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Tennessee Wildlife Resources Agency
Ellington Agricultural Center
440 Hogan Road
Nashville, TN 37220
(615) 781-6500
The Tennessee Wildlife Legacy Plan-Integrating wildlife and human needs

Tim Churchill, chief of the Tennessee Wildlife Resources Agency’s federal aid and real estate division, knows that as the most diverse inland state in the U.S., Tennessee has many high priority, competing needs for protecting land. With data from the 2015 updated State Wildlife Action Plan (SWAP) newly available, he decided it was time to create a land conservation priority tool to help guide critical real estate and restoration investments across the state.

That’s why, in 2016, he called up Gabrielle Lynch, Director of Protection for The Nature Conservancy in Tennessee (TNC). “He told me TWRA has an awesome SWAP, we use it all the time, and it would be great if TNC could help develop a 10-year land protection priority tool based on SWAP plus some additional data,” explains TNC’s Lynch. “TWRA is one of our closest conservation partners, and we embarked on a 1-year contract with TWRA to pull together the best available science for this purpose.”

In Boston, Mark Anderson, Director of Conservation Science for TNC’s Eastern North America Division, had led a team in developing some of that best available science. They created a climate resilience model for the entire eastern U.S., which went beyond looking at the current location of vegetation types and sensitive species. Resilience refers to the capacity of a site to adapt to climate change while still maintaining diversity, though not necessarily the same suite of species through time. The team’s analysis showed that protecting areas on the basis of geophysical factors such as diversity of landforms, elevation, and latitude can “conserve the stage” for current and future biodiversity.

Added to the SWAP GIS data showing current habitat types and priority areas for declining species, the resilience data help to highlight areas that are likely to remain or to become significant strongholds of biodiversity across Tennessee even as temperatures and microclimates change.

Incorporating people priorities into conservation planning

In addition to climate resilience, Churchill wanted to incorporate more information to inform not only TWRA’s land acquisitions, but also habitat restoration and other conservation activities. Additional datasets that highlight the value of watersheds to people could make a stronger case for TWRA’s expenditures in acquiring, restoring, and managing critical habitats for wildlife.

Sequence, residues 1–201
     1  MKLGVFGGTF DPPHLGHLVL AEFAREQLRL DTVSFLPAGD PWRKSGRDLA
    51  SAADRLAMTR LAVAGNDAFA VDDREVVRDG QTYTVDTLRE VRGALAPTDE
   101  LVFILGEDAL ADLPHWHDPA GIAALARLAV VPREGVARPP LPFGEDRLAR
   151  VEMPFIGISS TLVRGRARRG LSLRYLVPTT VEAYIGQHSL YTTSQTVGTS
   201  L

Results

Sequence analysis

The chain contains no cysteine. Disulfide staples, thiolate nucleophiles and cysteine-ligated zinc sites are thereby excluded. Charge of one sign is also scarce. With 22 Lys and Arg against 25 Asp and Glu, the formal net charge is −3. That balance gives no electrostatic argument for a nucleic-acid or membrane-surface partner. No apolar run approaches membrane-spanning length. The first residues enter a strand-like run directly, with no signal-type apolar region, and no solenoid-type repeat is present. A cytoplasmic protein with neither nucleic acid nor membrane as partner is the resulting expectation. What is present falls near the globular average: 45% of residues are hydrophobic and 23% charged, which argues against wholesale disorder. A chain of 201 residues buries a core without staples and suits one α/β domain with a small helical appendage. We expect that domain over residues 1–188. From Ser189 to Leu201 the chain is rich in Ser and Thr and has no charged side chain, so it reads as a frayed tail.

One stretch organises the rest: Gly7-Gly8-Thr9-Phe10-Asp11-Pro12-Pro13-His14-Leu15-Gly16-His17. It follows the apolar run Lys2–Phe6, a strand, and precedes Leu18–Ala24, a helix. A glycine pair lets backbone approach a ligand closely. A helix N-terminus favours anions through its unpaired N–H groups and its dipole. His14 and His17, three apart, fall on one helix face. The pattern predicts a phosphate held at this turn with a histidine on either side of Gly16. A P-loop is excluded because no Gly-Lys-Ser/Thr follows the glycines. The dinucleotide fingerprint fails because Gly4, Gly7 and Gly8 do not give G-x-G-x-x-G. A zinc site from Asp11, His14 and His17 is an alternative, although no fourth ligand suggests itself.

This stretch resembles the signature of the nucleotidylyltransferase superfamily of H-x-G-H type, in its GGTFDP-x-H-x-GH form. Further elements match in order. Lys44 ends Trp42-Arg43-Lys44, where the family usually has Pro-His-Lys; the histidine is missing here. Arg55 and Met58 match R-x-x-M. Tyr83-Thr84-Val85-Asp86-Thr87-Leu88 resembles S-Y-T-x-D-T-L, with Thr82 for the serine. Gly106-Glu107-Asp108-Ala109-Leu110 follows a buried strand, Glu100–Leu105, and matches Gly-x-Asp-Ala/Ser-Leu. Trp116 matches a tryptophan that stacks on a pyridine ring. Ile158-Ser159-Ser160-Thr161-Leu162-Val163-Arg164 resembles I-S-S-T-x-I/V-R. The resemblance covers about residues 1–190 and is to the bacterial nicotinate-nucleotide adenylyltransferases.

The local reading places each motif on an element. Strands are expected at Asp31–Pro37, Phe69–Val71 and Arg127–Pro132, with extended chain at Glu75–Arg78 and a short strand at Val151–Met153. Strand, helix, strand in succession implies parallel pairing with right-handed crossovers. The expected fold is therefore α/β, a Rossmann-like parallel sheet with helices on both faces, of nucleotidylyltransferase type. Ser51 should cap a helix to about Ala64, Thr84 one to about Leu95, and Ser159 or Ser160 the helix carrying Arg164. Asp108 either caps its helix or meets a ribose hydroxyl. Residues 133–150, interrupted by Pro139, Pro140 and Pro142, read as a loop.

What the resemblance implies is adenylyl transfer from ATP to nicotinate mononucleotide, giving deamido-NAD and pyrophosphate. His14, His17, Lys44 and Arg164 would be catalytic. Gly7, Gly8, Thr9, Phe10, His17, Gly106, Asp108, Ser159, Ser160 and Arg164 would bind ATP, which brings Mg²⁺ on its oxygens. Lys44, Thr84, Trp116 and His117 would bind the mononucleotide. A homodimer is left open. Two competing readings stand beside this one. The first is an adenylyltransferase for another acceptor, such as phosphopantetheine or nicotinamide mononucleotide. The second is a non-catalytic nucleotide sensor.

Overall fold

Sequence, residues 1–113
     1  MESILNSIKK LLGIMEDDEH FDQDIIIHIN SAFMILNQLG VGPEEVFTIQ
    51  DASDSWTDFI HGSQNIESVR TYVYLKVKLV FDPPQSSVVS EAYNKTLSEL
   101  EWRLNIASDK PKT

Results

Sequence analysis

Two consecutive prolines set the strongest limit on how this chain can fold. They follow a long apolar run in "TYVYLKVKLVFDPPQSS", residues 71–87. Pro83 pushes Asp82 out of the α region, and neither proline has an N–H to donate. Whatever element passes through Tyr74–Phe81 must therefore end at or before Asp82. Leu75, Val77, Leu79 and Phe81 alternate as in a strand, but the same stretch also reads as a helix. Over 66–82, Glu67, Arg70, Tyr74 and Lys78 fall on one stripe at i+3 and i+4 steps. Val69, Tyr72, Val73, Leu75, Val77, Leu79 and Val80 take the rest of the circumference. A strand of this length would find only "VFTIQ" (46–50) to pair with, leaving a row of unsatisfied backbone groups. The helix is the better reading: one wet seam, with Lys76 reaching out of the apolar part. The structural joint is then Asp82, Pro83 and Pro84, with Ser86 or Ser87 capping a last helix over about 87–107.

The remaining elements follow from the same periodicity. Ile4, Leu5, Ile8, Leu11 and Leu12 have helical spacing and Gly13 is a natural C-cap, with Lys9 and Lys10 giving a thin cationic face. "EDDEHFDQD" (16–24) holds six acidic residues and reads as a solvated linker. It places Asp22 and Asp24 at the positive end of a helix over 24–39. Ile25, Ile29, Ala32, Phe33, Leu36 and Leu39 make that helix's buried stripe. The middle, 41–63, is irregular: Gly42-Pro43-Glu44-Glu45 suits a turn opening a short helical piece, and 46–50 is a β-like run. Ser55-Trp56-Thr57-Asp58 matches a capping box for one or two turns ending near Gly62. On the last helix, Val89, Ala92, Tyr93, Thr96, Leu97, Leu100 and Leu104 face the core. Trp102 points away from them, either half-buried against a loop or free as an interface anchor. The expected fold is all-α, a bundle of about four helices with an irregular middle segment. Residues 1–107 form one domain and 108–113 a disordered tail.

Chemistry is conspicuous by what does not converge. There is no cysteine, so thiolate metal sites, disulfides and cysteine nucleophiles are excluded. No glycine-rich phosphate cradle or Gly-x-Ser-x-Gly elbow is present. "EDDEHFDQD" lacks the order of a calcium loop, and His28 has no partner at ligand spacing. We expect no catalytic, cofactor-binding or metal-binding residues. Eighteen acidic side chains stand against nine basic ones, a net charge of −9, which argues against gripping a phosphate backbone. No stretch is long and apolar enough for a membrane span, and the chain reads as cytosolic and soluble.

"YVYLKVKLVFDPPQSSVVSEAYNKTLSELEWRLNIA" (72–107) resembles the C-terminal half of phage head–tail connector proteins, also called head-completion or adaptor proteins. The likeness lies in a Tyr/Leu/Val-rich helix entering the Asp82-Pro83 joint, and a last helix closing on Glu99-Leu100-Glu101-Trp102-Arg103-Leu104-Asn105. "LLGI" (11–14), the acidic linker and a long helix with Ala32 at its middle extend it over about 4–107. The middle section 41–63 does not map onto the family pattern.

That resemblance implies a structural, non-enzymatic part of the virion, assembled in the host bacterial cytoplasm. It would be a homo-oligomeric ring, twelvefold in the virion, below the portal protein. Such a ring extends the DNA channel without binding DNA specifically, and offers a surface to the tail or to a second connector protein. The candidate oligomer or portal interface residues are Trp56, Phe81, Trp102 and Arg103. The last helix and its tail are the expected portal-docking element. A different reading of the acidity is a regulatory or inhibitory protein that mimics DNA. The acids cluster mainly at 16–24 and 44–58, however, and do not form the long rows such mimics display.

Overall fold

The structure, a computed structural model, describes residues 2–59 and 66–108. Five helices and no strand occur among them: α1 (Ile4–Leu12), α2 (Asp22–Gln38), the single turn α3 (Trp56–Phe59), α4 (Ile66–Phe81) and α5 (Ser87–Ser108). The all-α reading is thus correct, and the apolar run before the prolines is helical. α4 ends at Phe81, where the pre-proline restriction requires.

TNC held a series of planning workshops that included TWRA staff from Wildlife, Fisheries, and Nongame Divisions along with managers of state Wildlife Management Areas. Using the 2015 SWAP as a base layer, the team added in TNC’s climate resilience data. Next they added datasets on the locations of reservoirs and rivers used to supply Tennesseans with water. Finally, they incorporated data on recreational access and needs for major metropolitan areas—measuring, for example, the driving distance required for people in Nashville to reach hunting, birding, and fishing areas.

The resulting Tennessee 2017 Wildlife Legacy Plan has become TWRA’s new win-win-win-win approach for identifying areas critical for wildlife habitat, climate resilience, water supply, and recreation. “The bottom line,” explains Lynch, “is that the agency can now show the Wildlife Commission and the state legislature why proposed new land acquisitions, conservation easements, or restoration and management projects are important to both wildlife and people.”

The map (which can be seen on the linked PDF below) shows in darkest green the highest priority areas where all 4 major criteria overlap in one zone. The new datasets changed priorities outlined in the SWAP somewhat. Lynch explains, “Looking at the North Cumberland Plateau, for instance, which is already off the charts for SWAP species of greatest conservation need, some areas now actually score higher in the Legacy plan compared to the SWAP, while some score lower.”

“The most astonishing message to me coming out of the Wildlife Legacy Plan is the sheer number of acres across Tennessee, in all four regions of the state, that score very high and high. It adds up to about 2.2 million acres, almost one-quarter of the state! Tennessee is extraordinarily rich in wildlife benefits compared to many other places. We’ve always known Tennessee has awesome biodiversity. For the first time, the Legacy Plan shows the human benefits that can come from protecting our high priority areas, but it also made us realize how much work we have to do. That’s my takeaway from this project.”

View or download a Wildlife Legacy Plan factsheet showing the Legacy map.

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